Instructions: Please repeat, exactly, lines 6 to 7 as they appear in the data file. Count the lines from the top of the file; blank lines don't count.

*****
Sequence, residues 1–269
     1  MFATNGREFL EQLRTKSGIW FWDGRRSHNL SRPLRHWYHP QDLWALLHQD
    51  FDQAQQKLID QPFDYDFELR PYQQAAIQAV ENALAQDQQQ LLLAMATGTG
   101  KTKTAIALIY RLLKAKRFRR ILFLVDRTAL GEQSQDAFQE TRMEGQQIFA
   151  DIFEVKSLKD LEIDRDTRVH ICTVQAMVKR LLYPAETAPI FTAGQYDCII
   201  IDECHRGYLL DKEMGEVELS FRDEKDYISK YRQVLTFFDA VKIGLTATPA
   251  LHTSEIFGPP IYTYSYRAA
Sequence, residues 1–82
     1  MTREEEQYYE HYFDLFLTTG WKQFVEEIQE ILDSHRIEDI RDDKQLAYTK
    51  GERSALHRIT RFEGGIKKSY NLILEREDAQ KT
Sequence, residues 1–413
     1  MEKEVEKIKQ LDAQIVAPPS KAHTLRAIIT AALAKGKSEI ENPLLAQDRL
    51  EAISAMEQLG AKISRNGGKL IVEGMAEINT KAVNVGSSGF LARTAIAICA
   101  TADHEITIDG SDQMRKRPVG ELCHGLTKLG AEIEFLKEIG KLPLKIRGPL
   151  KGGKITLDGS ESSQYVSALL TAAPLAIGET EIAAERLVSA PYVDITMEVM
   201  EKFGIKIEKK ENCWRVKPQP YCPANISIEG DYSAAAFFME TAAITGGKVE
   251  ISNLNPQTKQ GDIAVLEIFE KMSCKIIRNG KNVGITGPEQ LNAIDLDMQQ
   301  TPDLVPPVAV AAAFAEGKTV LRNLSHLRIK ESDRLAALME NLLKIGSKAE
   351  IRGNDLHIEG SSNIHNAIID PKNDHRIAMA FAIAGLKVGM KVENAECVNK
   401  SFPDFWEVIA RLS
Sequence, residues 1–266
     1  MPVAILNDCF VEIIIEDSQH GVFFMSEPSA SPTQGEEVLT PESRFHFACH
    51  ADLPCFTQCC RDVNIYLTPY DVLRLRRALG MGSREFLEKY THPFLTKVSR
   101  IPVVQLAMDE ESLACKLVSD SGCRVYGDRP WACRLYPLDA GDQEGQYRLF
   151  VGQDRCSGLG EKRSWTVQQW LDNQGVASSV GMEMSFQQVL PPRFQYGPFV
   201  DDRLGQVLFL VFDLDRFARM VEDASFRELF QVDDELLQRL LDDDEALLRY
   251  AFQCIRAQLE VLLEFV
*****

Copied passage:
   201  IDECHRGYLL DKEMGEVELS FRDEKDYISK YRQVLTFFDA VKIGLTATPA
   251  LHTSEIFGPP IYTYSYRAA